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Vita Sancti Wilfrithi

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Title: Vita Sancti Wilfrithi  
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Subject: Theodore of Tarsus, Wilfrid, Stephen of Ripon, Balthild, Cædwalla of Wessex, Sigebert III, Amounderness, Acca of Hexham, Battle of Two Rivers, 10th century in literature
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Vita Sancti Wilfrithi

Vita Sancti Wilfrithi
"The Life of St. Wilfrid"
A page from an 11th-century manuscript of the Vita Sancti Wilfrithi describing the foundation of Hexham Abbey
Author(s) Stephen of Ripon
Language medieval Latin
Date composed between 709 and c. 720
Manuscript(s)

1. London, British Library, Cotton Vespasian D. vi. Provenance: probably transferred from Yorkshire before it was held in Canterbury and then acquired by the British Library.

fos. 2-77: 9th century, with 11th-century additions;
fos. 78-125: 11th century, with 12th-century additions on final page.
2. Oxford, Bodleian Library, Fell vol. III 34a-56b, originally vol. I. Written in late 11th or early 12th century.[1]
Genre prose hagiography

The Vita Sancti Wilfrithi or Life of St Wilfrid (spelled "Wilfrid" in the modern era[2]) is an early 8th-century hagiographic text recounting the life of the Northumbrian bishop, Wilfrid. Although a hagiography, it has few miracles, while its main concerns are with the politics of the Northumbrian church and the history of the monasteries of Ripon and Hexham. It is one of a collection of historical sources from the late 7th- and early 8th-centuries, along with the anonymous Vita Sancti Cuthberti, the works of Bede and Adomnán's Vita Sancti Columbae, that detail the Christianisation of Great Britain and make the period the best documented period in English history before the age of Alfred the Great.

Date and authorship

In the preface to the Vita Wilfrithi, the author reveals that he is a priest called Stephen.[3] Writers in modern times often style the author "Eddius Stephanus",[4] an attribution that goes back to the 17th century.[5] This attribution is now thought unlikely by many historians.[6] The identification was made because the Vita Wilfrithi recounts that sometime between 666 and 669, Wilfrid brought two singing masters from Kent to Ripon, Ædde and Æona.[7]

This Ædde was also mentioned by Bede, who says that an Æddi cognomento Stephanus ("Ædde, also known as Stephen") was brought to Northumbria by Wilfrid and was the first singing-master (cantor) among the Northumbrians.[8] This is not however thought to be good evidence by many modern historians,[9] while many other factors, such as age, make the attribution positively unlikely.[10]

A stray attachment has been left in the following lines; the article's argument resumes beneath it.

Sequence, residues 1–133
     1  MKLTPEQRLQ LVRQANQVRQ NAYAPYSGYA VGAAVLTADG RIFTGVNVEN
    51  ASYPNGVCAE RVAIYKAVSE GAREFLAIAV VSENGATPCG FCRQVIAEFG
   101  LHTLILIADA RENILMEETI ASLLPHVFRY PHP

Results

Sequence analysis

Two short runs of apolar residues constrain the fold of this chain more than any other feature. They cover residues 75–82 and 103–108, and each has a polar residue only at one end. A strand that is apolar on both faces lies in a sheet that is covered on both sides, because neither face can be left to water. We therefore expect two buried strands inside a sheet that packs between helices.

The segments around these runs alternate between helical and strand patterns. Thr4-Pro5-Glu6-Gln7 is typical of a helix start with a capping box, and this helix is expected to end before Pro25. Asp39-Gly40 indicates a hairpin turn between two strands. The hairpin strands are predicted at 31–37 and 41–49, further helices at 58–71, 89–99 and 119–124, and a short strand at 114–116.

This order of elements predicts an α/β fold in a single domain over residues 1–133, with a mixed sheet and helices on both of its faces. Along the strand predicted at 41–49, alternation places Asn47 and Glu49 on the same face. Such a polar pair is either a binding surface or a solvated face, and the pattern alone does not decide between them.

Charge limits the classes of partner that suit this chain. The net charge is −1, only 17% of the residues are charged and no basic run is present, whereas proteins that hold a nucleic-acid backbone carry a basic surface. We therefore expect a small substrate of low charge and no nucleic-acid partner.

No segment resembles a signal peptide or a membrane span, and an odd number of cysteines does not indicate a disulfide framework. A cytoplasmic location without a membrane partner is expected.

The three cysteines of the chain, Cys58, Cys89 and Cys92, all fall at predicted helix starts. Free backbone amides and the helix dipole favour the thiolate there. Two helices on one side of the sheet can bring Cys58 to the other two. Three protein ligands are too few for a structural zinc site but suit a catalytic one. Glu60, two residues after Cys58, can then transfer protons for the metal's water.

The Vita Wilfrithi can be dated reasonably securely between 709, the year of Wilfrid's death, and c. 720.[11] The latter date, c. 720, is the approximate date of the Vita Sancti Cuthberti, a text which the Vita Wilfrithi quotes,[12] and indeed imitates so often that one historian has used the word "plagiarism".[13] There are some indications that it was written after 716.[14]

Synopsis

The Vita narrates the life and career of Wilfrid, from his boyhood until his death, with brief digressions into the other affairs of Wilfrid's two main monasteries, Ripon and Hexham.[15] It details his boyhood decision to become a churchman, his quarrels with Theodore of Tarsus, Archbishop of Canterbury, and various secular figures, his travels back and forth between England and Rome, his participation in church synods, and eventually his death.[16]

The text devotes over one third of its contents to Wilfrid's "Northumbrian achievements", but Stephen devotes almost no space to Wilfrid's second period in office as Bishop of York (686–691), and little space to his activity in Mercia.[17] The Vita Wilfrithi, in common with many hagiographies written close to the death of their subject, records very few miracles, but like Bede and Eusebius of Caesarea, incorporates full documents relevant to its story.[15]

Problems

According to Fulk et al., the Vita Wilfrithi is tendentious and partisan.[18] The Vita, perhaps mirroring the views of Wilfrid himself, is contemptuous of the Gaelic contribution, the "poisonous seeds" they planted, to the development of the Northumbrian and English church, and thus discredits Lindisfarne and the other English monasteries associated with them.[19]

Wilfrid is given full responsibility for the victory of the Roman faction in the Synod of Whitby, his great triumph over the Gaelic monks. Bede however sidelines Wilfrid, making it unclear to the modern historian which writer is being more accurate; and while Stephen depicts the second half of the 7th century as a "Wilfridian golden age", in the narrative of Bede's Historia Ecclesiastica Gentis Anglorum, Wilfrid is but one of many ecclesiastical figures who contribute to the development of the English church.[20] These factors led the historian Walter Goffart to argue that Bede's Historia Ecclesiastica was actually written because the leaders of the Bernician church sought to counter the version of history being promulgated by the Deiran "Wilfridians" in the Vita Wilfrithi.[21]

Inspirations

The Vita Wilfrithi inspired a 10th-century Latin poem entitled Breviloquium Vitae Wilfridi, written by Frithegod to commemorate Oda's acquisition of Wilfrid's relics for Canterbury Cathedral around 950. The historian Michael Lapidge has called the Breviloquium "one of the most difficult Latin poems written in pre-conquest England".[22]

Notes

References

  • Colgrave, Bertram, ed. and trans. (1927). The Life of Bishop Wilfrid by Eddius Stephanus. Cambridge: Cambridge University Press.
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